Others in Washington suggested that Taiwan’s best opportunity for a breakthrough in international trade relations might come from the current Japanese-led efforts to keep TPP alive, even without U.S. participation. Representatives from the remaining 11 countries have been meeting to discuss a potential way forward, and appear to have been making progress. If enough countries sign on to make a revived TPP a reality, Taiwan would almost certainly be among the first in line – along with South Korea – seeking admission when the group expands through a second round.

An encouraging sign was the statement at a June press conference in Tokyo by Japanese cabinet spokesman Yoshihide Suga, explicitly including Taiwan among the countries that Japan would welcome for eventual TPP accession. If China were to push other member countries to blackball Taiwan’s application, however, it is unknown whether Tokyo will have as much sway to counter that pressure as the United States would have had.

At the same time, experienced players in trade politics in Washington would urge Taiwan not to give up on the goal of entering into a bilateral trade agreement with the United States, even if it will take somewhat longer to achieve than originally hoped. Recalling that the notion of a U.S. FTA with Japan was once dismissed as utterly impractical, they note the importance of “planting a seed” so an idea can gain support over time. Unless advocates start speaking up about why Taiwan should have a prominent place on the U.S. trade agenda, the prospect of a U.S.-Taiwan agreement will never become part of the wider policy conversation in Washington, they maintain.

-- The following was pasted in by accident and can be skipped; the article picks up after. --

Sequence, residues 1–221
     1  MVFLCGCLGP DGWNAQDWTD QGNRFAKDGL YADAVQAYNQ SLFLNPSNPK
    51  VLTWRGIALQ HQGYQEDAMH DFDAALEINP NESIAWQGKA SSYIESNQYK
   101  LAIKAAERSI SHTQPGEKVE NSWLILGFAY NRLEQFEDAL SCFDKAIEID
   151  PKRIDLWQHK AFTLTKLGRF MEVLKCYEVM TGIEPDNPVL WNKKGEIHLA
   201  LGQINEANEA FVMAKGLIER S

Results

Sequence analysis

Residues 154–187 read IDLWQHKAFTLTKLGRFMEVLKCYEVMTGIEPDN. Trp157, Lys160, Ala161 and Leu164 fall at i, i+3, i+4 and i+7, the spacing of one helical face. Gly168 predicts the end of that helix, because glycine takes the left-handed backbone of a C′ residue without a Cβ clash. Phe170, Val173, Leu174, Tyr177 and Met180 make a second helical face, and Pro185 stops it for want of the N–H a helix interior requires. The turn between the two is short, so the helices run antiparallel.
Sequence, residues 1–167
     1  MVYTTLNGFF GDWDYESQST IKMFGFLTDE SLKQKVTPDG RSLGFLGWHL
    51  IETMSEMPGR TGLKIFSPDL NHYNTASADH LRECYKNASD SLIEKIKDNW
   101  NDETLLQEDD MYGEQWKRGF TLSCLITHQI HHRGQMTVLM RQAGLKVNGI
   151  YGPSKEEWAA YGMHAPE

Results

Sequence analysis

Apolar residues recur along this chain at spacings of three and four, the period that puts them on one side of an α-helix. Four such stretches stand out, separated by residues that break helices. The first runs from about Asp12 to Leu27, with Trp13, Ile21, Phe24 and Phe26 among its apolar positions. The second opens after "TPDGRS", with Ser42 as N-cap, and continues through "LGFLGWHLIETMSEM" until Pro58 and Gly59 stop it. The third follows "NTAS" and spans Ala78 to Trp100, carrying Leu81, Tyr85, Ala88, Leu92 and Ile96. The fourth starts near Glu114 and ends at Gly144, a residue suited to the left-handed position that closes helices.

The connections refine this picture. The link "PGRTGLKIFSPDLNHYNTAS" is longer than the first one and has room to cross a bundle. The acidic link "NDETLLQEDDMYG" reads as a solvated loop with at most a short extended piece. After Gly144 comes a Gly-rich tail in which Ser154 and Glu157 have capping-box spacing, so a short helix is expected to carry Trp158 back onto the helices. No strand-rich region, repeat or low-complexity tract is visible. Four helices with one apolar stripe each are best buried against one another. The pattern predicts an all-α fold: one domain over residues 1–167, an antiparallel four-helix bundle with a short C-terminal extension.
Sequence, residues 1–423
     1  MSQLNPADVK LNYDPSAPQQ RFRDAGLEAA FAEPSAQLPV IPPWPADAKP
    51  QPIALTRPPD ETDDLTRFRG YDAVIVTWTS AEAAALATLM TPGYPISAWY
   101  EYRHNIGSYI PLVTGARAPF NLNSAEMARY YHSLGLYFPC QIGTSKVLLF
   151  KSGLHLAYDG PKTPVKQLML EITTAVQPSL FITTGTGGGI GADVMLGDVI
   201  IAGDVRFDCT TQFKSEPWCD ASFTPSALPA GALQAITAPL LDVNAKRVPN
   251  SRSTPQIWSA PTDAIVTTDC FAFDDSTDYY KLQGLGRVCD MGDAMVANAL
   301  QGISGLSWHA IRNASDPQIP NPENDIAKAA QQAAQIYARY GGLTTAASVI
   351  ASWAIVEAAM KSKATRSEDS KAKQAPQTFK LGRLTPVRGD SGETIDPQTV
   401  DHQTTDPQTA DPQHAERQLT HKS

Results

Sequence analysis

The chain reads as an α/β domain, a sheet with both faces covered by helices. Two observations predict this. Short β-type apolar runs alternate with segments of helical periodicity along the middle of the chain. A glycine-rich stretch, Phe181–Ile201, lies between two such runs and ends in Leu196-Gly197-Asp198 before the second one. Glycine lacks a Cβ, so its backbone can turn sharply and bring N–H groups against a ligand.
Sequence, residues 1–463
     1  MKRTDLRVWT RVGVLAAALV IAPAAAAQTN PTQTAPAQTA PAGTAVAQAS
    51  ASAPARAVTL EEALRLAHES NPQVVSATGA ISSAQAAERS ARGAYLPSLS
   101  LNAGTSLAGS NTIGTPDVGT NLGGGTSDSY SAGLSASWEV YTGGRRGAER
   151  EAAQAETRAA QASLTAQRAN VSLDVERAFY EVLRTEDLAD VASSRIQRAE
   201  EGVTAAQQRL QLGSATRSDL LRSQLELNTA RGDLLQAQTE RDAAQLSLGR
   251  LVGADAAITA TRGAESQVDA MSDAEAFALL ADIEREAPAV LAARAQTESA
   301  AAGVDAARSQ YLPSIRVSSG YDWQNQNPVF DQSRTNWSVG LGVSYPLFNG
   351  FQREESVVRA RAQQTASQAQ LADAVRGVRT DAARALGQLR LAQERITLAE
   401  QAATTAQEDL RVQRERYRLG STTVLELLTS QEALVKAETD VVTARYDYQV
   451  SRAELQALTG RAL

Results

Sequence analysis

Sources in Washington advised that whether aiming at an FTA or BIA with the United States, or eventual accession to a resuscitated TPP, Taiwan will need to adopt “bold measures” to conclusively demonstrate its determination to abide by open-market principles and international standards and best practices. The sources emphasized that these steps are in Taiwan’s own best interest to help reinvigorate the domestic economy, regardless of the response of trading partners.

A major test along these lines is expected to arise in the autumn session of the Legislative Yuan, when a bill to establish a Patent Linkage system for pharmaceuticals will come up for deliberation. Until now, Taiwan has lacked an effective mechanism to prevent generic drugs from reaching the market while the original drug still has a valid Taiwan patent. The issue has appeared in AmCham Taipei’s Taiwan White Paper for more than a decade, and has been one of the major items raised by USTR during TIFA talks. Early passage of the bill, without any diluting amendments, would be taken by the U.S. government and multinational companies as a highly laudable, though overdue, signal of Taiwan’s commitment to intellectual property rights protection.